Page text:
Tuesday, April 29, 2003
Just a handful of Hood River Valley track athletes traveled to Hermiston last Saturday for a 14-team invitational.
But those who did make the trip performed exceptionally well, giving coach Shawn Meyle plenty to gloat about as the team gears up for three meets in 10 days.
“I was proud of our performance overall,” said Meyle, who could bring only varsity athletes because of the volume of competitors. “The kids keep improving with every week, and we’re starting to see what we may be up against at districts.”
HRV travels to Mountain View today for another district primer, and then heads to Centennial on May 7 before hosting the only home meet of the year on May 10.
Meyle said Saturday’s performances were moderately affected by the weather, but he still saw some kids exceed expectations.
One such athlete was junior Suni Davis, who ran a one-minute-flat in the 400 meters for second place overall.
More importantly, she beat one of the IMC’s best mid-distance runners from Hermiston (name not available) and established herself as one of the top district seeds. Davis also ran well in the 200, taking fourth place in 26.43.
Junior Anna Hidle, who qualified for state in the 400 last year, was not at Hermiston because she chose to compete at another invitational at Centennial the same day.
Other standouts for the girls were Christy Paul (5th, 1,500 meters, 5:05.00), Kristen Hedges (10th, 100 meters, 13.42), Meghan Flink (7th, pole vault, 8 feet), and the 4 x 100 relay team of Davis, Hedges, Markee Cox and Emily Meyer, which ran to a fifth-place finish in a time of 53.00 seconds.
Meyle praised the efforts of his sprinters as well as his pole vault prodigy, Flink, who is hoping to crack the 10-foot barrier at districts.
Placing in the top 10 for the boys were Mike Weber (1st, pole vault, 13 feet), Mitchell Bohn (8th, 800 meters, 2:08.46), and Jeff Fisher, who placed eighth in the steeplechase with a school-record time of 12:01.20.
Meanwhile, the 4 x 100 meter relay team of Weber, Adam Mack, Adam Brown and Ben Albright finished ninth at 46.56.
Additional boys highlights included Alex Jimenez taking 11th in the 1,500 meters (4:30.33); Albright taking 11th in the 200 (24.04) and 14th in the 100 (11.90); and Mack placing 14th in the 200 (24.36) and 15th in the 400 (55.73).
Bohn added a 14th place finish in the 1,500 at 4:35.21, Brown placed 16th in the 100 meters (11.99) and 16th in the 200 (24.62); Jon Wherry placed 18th in the 3,000 (10:59.82); and Weber took 20th in the javelin (114 feet, 11 inches).
Additional boys varsity athletes competing at Hermiston were Fernando Ochoa, Salvador Ledezma, Matt McDougal, Jacob Thornton and Travis Moore. For the girls, Allison Byers (1,500 meters, 14th, 5:37.62) and Danielle Bohn rounded out the results.
“We’re getting primed for districts,” Meyle said. “Our schedule is a bit inconsistent right now, but it’s coming together for us.”
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Parkdale third graders sing "12 Disaster Days of Christmas"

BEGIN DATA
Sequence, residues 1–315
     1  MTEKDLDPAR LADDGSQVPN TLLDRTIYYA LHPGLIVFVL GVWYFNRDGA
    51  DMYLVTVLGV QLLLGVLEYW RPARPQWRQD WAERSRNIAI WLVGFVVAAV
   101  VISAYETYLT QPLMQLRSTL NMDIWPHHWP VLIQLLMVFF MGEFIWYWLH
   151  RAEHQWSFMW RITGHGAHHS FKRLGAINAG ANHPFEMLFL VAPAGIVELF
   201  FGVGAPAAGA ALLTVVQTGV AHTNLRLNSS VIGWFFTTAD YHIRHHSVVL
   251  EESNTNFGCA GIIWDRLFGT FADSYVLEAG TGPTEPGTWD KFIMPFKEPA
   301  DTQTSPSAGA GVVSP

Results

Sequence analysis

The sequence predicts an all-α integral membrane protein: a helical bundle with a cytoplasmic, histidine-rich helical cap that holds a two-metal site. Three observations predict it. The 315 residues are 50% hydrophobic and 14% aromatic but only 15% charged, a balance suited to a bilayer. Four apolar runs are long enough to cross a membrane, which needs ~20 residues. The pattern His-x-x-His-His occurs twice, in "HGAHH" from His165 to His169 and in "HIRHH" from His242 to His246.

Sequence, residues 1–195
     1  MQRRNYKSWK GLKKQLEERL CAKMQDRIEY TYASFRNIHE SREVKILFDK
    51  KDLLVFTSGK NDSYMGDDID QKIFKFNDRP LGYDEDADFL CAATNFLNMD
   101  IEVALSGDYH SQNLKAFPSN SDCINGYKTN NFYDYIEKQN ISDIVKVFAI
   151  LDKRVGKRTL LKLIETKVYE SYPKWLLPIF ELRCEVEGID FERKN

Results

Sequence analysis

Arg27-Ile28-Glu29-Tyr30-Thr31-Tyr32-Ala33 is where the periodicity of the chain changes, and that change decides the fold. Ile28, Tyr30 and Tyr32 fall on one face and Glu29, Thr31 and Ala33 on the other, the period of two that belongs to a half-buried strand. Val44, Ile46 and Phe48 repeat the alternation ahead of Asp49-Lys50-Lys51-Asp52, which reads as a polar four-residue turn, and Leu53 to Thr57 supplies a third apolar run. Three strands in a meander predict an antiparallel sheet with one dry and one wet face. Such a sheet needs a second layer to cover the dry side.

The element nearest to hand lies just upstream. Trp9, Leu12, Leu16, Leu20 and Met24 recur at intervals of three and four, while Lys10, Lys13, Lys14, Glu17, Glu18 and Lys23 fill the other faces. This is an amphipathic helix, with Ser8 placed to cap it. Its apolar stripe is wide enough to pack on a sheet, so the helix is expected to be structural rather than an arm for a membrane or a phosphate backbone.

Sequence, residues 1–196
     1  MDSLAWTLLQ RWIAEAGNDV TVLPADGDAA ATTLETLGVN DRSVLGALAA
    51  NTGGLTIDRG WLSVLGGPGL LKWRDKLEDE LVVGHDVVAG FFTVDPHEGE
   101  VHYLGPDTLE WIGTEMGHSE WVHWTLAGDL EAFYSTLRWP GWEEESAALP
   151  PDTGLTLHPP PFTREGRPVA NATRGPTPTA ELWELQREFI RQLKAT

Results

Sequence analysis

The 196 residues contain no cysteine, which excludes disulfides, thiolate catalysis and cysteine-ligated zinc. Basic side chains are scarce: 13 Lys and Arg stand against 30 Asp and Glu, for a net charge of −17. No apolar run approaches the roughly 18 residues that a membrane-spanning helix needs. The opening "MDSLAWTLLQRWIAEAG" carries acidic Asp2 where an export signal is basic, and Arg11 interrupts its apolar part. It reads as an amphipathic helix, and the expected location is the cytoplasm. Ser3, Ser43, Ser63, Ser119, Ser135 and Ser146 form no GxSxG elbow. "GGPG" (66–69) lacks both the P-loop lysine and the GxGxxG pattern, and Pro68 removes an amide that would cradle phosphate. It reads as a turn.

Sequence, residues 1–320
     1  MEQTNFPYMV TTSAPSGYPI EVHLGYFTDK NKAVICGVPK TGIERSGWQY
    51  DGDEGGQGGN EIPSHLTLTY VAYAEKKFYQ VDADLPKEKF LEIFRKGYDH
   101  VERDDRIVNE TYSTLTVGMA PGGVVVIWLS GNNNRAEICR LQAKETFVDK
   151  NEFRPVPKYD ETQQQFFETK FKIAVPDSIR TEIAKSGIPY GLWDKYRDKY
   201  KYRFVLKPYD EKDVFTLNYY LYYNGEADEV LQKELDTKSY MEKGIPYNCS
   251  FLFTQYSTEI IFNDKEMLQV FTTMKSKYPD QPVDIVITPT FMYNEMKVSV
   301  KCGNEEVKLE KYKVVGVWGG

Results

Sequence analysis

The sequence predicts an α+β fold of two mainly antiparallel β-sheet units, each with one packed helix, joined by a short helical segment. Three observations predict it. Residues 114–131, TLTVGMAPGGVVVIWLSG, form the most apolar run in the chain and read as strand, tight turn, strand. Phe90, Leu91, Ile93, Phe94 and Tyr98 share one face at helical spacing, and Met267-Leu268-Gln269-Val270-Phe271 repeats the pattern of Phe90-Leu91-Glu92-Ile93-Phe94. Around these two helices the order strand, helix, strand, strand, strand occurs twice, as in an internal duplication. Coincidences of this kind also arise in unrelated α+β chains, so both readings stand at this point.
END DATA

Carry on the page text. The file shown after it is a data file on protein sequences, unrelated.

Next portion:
Welcome to your sing-able Christmas gift list. What follows is an emergency rendition of “12 Days of Christmas” – for outfitting your home or car in case of snow storm, earthquake, flood or other emergency. Read it as a simple list, or sing it to the tune of “12 Days” – you know, as in “ … and a partridge in a pear tree…” Not to make light of it, but the song is a familiar framework for a set of gift ideas that you could consider gathering together, even if the recipient already owns items such as a bunch of coats, tire chains and flashlights. Stores throughout the Gorge are stocked up on all these items. Buying all 12 days might be prohibitive, but here are three ideas for checking any of the dozen off your list (notations follow, 1-12.) The gift items needed to stay warm, dry and safe are also coded to suggest items in your abode (A) in your car (C) or both (B). 12 Gallons of Water (A) 11 Family meals (B) 10 Cans of propane (A) 9 Hygiene bags (B) 8 Packs of batteries (A) 7 Spare coats (B) 6 Bright red flares (C) 5 Cozy blankets (B) 4 Tire chains (C) 3 Flashlights (B) 2 cell phone chargers (B) 1 And a crush-proof first aid kit (B) Price ranges? Here’s a few quotes for days Three, Two, Four and Nine: n A family gift of flashlights (three will run $15-30, Hood River Supply, Tum-A-Lum) n Cell phone chargers (two will run $30-60) n Tire chains (basic set, $30, Les Schwab, returnable if unused for the winter) n Family meals ($100 or so should cover the basics for three or four reasonably well-fed days) n The home kit should be kept in a handy place near an exit, and remember that water needs to be replenished every few months. If you have a solid first aid kit already, switch out the gift idea with “and-a-sto-o-u-t- tub-for it-all …” Otherwise, it’s a case of assembling your home or car kits and making sure all members of the family know what the resources are and how to use them (ie flares and propane). Emergency situations are at worst life-threatening, at best deeply uncomfortable if you and your family are left without power for an extended period, or traveling and find yourself in a situation where you need to wait out a storm, lengthy traffic delay, or other crisis. Notes on the 12 gift ideas: 12 – Gallons of water: that’s one per person in a four-member family to last for three days, the recommended minimum to be prepared for utility outages. 11 – Easy-open packaged goods, energy bars, dried food and nuts are good things to include for nutrition. Think of what your family of four needs for three days to stay fortified and hydrated (see number 12). Can-opener also recommended 10 – If you have a propane camping stove, keep extra fuel handy. 9 – Hygiene bags: put packaged moistened towelettes, toilet paper, and plastic ties in large garbage bags (for personal sanitation) Resource list courtesy of Hood River County Emergency Management, Barbara Ayers, manager/ 541-386-1213. The county also reminds residents to Get a Kit, Make A Plan to connect your family if separated, and Stay Informed. See www.co.hood-river.or.us to opt-in for citizen alerts. Enlarge